I have been getting a lot of questions and feedback on the “Breaching Trust” report. I’ll try to post more details and answer questions. Here are some of the common questions people have been asking.
How were you able to determine that messages containing keywords were being uploaded to a web server? How did you find and decrypt the messages?
Wireshark. Every time I typed the word “fuck” an HTTP connection was made to a TOM Skype server. I visited the URL directly in Firefox, cut off the file name and was able to view the contents of the directory. With a little poking around I found the encryption key. A few lines of Python and voila. I did not “crack” anything nor was there any “elite” hackery — just plain, simple stuff.
Is “normal” Skype affected?
No. The Skype software downloaded from skype.com is not affected by the behavior. The only time “normal” Skype users are affected is when they communicate with TOM-Skype users.
What is TOM-Skype and what is the difference between it and Skype?
If you go to www.skype.com from China, you are redirected to skype.tom.com — so that’s version most Chinese people will use.
In 2004 Skype developed a relationship with TOM Online, a leading wireless provider in China, and announced a joint venture in 2005. Skype and TOM Online produced a special version of the Skype software, known as TOM-Skype, for use in China.
What is Skype saying, have they said anything to you?
I contacted Skype to have the security issue fixed before the report was released. So, they have configured the servers so that one can no longer view the logs and they have deleted sensitive files, such as the one containing the encryption key. Other than that contact, I’ve only seen the
statements they’ve made to reporters.
Jennifer Caukin, an eBay spokeswoman, said, “The security and privacy of our users is very important to Skype.” But the company spoke to the accessibility of the messages, not their monitoring. “The security breach does not affect Skype’s core technology or functionality,” she said. “It exists within an administrative layer on Tom Online servers. We have expressed our concern to Tom Online about the security issue and they have informed us that a fix to the problem will be completed within 24 hours.” EBay had no comment on the monitoring.
To the WSJ
Jennifer Caukin, a spokeswoman for Skype, said in an emailed statement that the security problem had been remedied as a result of the new report. The idea that China’s government “might be monitoring communications in and out of the country shouldn’t surprise anyone,” Ms. Caukin said. “Nevertheless, we were very concerned to hear about the apparent security issue” that enabled people to view user information, and “we are pleased that, once we informed TOM about it, that they were able to fix the flaw.”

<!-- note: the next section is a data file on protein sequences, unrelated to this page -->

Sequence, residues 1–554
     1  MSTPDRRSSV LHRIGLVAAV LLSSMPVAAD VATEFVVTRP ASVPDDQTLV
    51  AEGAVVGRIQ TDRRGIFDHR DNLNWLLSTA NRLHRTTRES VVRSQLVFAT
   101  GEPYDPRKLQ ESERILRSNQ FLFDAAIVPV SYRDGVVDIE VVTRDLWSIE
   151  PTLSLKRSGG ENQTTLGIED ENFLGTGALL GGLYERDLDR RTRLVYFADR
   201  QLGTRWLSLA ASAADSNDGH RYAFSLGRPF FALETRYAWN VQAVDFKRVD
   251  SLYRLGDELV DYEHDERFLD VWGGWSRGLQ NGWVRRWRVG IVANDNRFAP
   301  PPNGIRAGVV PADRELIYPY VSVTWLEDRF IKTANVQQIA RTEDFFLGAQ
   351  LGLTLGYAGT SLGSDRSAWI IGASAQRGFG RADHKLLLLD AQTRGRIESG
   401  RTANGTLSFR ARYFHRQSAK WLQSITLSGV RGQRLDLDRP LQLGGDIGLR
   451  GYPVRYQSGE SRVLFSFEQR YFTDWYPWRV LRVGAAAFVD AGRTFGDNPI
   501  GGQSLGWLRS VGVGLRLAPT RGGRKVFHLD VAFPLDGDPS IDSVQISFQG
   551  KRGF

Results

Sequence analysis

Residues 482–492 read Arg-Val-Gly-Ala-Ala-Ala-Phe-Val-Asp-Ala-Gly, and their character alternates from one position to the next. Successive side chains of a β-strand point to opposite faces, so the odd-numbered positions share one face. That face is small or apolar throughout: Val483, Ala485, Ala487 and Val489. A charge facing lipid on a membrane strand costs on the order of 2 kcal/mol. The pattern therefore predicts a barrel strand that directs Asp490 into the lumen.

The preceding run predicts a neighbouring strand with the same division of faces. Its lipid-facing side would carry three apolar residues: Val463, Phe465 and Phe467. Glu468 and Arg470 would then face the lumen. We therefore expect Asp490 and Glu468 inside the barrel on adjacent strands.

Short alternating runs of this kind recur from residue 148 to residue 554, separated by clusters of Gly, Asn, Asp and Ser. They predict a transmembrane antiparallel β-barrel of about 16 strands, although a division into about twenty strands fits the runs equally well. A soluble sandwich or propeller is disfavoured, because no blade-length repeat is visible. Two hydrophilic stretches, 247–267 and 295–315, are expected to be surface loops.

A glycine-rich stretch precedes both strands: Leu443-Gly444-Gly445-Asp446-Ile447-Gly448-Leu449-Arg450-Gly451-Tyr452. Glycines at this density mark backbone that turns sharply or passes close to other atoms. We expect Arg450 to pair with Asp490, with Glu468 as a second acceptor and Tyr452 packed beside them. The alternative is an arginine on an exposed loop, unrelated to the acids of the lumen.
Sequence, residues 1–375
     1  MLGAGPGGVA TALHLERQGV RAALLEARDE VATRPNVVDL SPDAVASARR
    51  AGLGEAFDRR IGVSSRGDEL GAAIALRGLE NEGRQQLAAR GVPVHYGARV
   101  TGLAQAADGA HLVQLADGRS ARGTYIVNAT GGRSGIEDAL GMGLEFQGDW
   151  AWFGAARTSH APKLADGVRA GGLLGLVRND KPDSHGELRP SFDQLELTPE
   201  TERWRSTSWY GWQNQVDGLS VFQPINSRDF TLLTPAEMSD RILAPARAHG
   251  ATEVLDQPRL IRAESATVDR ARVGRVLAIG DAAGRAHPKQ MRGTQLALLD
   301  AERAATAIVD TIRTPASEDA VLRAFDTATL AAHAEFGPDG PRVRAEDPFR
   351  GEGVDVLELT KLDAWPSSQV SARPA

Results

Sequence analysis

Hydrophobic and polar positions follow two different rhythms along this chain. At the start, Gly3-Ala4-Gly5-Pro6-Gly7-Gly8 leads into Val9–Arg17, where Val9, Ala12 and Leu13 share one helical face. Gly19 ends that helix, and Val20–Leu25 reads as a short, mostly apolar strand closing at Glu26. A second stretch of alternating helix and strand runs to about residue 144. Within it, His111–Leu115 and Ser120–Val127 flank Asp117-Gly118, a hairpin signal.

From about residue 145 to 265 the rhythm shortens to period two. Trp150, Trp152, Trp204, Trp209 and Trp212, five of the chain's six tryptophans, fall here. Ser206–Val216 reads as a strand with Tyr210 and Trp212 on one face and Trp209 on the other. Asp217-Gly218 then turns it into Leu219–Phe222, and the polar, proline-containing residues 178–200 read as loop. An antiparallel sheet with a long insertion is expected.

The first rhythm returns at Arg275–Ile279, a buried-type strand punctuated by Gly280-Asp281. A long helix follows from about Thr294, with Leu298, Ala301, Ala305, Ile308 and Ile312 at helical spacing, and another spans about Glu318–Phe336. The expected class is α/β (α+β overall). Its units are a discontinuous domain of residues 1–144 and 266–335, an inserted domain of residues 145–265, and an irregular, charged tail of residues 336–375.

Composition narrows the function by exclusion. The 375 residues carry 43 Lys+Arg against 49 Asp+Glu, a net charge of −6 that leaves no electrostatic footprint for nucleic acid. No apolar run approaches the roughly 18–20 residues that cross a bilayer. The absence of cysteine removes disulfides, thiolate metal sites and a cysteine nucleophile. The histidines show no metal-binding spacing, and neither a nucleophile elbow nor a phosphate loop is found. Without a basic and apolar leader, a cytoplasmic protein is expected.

In a separate statement, TOM Group said that “as a Chinese company, we adhere to rules and regulations in China where we operate our businesses.”
The WSJ blog, has the statement in full.
In the past Skype stated:
The text filter operates on the chat message content before it is encrypted for transmission, or after it has been decrypted on the receiver side. If the message is found unsuitable for displaying, it is simply discarded and not displayed or transmitted anywhere.
What I found directly contradicts this.
How does this relate to Corporate Social Responsibility (and the voluntary Principles of Free Expression and Privacy process)?
This case demonstrates the critical importance of the issues of transparency and accountability by providers of communications technologies. It highlights the risks of storing personally identifying and sensitive private information in jurisdictions where human rights and privacy are under threat. It also illustrates the need to assess the security, privacy and human rights impact of such a decision.
Some companies, such as Google, has stated that while the censor some search results they “will not maintain on Chinese soil any services, like email, that involve personal or confidential data.”
In this case Skype appears to have delegated all of the censorship and surveillance responsibilities to TOM – I don’t think they read Rebecca’s paper; they should. While examining the Yahoo! China – Shi Tao case she warned:
Companies that choose to ignore the broader human rights implications of their business practices are gambling with their long-term global reputations as trustworthy conduits or repositories of people’s personal communications and information.
Are the “key words” censored? Or are the messages just logged?
The only key word that I could use to trigger the content filter (the messages is not displayed to the user) and have logged in the content filter logs (uploaded to the tom-skype server) was “fuck” (and variations like f*ck). If a message contains the word “fuck” it is not displayed to the user (the entire message is not displayed) and the entire message is uploaded and logged.
In the same content filter logs I found that the majority of the logged messages did not contain obscenities, like fuck. However, many of the messages contained words like “Communist Party”, I counted the number of logged messages that contained these words, from that I identified what I think are key words. It is unclear if these messages are just logged, or are censored and logged.
Post questions in the comments and I’ll try to answer them :)